Pulp joined in too. The year before they’d had back-to-back #2’s, those being “Common People” and “Mis-Shapes/Sorted For E’s and Wizz”. “Disco 2000” got to #7 in December 1995. In March 96 their early singles compilation, Countdown, reached #10 in the albums chart. Pulp were money in the bank for their label, so they could quite happily squeeze a fourth single off the album and know it would do well, and “Something Changed” duly did.

I’m telling you this because I want to make it exceedingly bloody clear that “Something Changed” is about ten billion times better than those paragraphs make it sound. How many times have you heard people say that Pulp were the only decent thing to come out of Britpop? How many times have you nodded sagely and agreed? How many times have you stood back and just been stunned by “Common People”? How many times have you been told and retold the story about Jarvis farting at Michael Jackson? How many times have you thought to yourself that people really don’t talk about This Is Hardcore enough? How many times have you heard Jarvis Cocker’s lyrics and just been blown away by how simple the man makes it look? How many times have you wished there were more like him? How many times have you cringed when people have tried to be like him?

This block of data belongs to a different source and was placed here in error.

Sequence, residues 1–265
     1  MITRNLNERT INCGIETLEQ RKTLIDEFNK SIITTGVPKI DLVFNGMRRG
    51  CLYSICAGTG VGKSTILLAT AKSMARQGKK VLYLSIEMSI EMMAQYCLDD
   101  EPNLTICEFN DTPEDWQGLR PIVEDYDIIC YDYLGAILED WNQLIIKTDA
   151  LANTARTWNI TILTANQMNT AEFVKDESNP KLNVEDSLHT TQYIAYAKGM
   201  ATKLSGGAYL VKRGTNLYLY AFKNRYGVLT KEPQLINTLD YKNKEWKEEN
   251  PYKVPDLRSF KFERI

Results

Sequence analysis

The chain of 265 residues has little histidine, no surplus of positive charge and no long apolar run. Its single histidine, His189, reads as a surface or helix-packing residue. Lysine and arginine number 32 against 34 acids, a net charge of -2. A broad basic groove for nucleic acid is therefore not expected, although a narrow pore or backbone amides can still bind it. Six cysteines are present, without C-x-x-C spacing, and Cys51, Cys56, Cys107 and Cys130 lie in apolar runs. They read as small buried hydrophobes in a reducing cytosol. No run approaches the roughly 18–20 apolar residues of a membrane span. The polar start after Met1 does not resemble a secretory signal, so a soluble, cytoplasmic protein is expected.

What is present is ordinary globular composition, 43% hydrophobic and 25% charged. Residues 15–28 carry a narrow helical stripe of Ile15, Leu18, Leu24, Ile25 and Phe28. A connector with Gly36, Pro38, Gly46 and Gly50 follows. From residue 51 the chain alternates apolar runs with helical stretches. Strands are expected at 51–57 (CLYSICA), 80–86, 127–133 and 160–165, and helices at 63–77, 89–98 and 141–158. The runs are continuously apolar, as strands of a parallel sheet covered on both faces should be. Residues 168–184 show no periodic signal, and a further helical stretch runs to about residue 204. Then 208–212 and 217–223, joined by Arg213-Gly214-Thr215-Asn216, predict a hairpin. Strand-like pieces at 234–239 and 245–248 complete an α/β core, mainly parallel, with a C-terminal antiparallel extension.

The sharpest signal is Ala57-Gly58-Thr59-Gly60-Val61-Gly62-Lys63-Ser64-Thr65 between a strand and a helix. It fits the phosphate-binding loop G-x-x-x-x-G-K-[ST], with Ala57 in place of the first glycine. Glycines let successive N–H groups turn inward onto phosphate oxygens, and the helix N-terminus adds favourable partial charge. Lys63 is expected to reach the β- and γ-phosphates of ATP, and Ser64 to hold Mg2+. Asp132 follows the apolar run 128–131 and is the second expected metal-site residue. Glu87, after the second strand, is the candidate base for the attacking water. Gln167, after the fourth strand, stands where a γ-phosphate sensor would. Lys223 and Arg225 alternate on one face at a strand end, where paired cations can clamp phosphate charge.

And in all that time… how many times have you thought about “Something Changed”? How many times has it crossed your mind, when people mention Pulp or Different Class? I’m gonna take a wild guess you can probably count it on your fingers. You see, there’s two things people forget:
1) Pulp were the best thing to come out of the other side of Britpop, along with “Forever” by The Charlatans and “Gangsters” by The Longpigs;
2) Jarvis Cocker writes fucking amazing love songs.